Thank you all for your comments this past year. The oliebollen were very nice, and if I don't forget, I shall give you the recipe, as several of you asked.
Else said "Zie ik daar een leuk poppetje?" Yes, that is Mormeltje. Here she is again, with a more close-up picture of the eyes-fabrics.
I knitted her when I was 13, from a pattern in one of my mother's magazines, the "Princess" I think.
I also knitted a change of clothes for her.
I put together the nine blocks for my first Baltimore quilt, and put the inner border around it.
And now I have started something totally different, for 'in between'. Several years ago Hetty, my Dutch cousin, said that she had bought the book "Home Sweet Home", by Barb Adams and Alma Allen. I resisted for quite a while, but gave in at last. After looking at the book for months, I finally felt that I wanted to make the houses quilt.
So I started pinning my first block, 14 Sunflower Lane, together, to see what fabrics I could use.
And here, finally is a very simple but effective recipe for Oliebollen. There are some very nice recipes, involving yeast, but these are very nice, and great for beginners. They are deep-fried, and halfway the cooking process turn themselves over, much to the amusement of children like me!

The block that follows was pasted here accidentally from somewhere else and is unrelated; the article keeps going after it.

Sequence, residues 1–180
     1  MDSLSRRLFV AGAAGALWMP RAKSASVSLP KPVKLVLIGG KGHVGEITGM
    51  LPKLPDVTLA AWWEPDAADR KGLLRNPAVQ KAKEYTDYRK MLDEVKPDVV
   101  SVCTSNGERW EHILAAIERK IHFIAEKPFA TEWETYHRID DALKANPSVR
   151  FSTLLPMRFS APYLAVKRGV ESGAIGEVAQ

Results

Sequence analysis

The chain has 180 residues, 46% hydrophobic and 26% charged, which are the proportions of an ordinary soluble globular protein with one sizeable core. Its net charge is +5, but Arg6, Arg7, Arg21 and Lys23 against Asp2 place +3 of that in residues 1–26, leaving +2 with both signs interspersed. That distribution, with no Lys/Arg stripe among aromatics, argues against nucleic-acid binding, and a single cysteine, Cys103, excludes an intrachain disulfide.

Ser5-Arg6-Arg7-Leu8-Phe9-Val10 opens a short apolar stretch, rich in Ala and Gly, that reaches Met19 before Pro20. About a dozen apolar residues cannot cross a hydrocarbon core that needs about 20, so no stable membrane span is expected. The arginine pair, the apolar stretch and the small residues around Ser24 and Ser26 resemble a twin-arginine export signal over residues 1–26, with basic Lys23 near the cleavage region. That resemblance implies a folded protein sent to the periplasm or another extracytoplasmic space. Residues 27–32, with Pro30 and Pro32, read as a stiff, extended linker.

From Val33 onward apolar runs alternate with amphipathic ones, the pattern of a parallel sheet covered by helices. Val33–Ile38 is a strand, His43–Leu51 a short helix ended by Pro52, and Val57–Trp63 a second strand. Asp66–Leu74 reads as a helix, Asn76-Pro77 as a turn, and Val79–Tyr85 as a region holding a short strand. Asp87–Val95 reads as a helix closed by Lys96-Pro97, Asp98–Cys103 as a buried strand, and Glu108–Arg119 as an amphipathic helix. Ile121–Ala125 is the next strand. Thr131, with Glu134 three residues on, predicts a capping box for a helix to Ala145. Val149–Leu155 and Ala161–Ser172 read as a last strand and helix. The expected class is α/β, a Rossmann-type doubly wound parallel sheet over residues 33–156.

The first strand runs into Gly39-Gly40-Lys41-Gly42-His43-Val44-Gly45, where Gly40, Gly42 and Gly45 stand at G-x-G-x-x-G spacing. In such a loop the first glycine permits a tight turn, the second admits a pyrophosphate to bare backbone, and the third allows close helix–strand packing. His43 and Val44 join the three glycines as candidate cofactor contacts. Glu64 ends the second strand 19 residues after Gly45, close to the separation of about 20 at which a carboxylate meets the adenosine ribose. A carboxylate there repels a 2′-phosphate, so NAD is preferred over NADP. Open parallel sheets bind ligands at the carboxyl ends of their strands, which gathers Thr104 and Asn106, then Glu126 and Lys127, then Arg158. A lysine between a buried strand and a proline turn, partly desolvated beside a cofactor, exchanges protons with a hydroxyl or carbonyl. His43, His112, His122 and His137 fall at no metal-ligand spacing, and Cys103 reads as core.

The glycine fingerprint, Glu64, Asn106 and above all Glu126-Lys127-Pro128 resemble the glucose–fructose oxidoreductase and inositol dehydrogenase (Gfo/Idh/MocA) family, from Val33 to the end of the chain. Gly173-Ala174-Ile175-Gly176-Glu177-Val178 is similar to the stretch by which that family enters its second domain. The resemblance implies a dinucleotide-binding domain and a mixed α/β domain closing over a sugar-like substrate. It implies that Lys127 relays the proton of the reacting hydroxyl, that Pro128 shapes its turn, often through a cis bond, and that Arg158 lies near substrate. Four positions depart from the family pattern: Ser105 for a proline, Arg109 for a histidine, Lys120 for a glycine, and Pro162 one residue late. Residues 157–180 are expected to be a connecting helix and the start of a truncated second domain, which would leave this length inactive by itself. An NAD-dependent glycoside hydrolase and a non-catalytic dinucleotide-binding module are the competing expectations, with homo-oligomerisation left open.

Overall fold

500 g self-raising flour
1/4 tsp salt
4.5 dl milk
225 g raisins and currants
optional: 2 apples peeled and cut in small pieces.
Just mix everything, use two large dessertspoons, and drop them in the hot oil. Once they turn themselves over, you know what colour the other side should be. Perfection comes with experience and practice.
They are yummy when they are still warm, with icing sugar shaken over them.
I wish you all a very wonderful New Year!
The House of Rougeaux by Jenny Jaeckel
41 minutes ago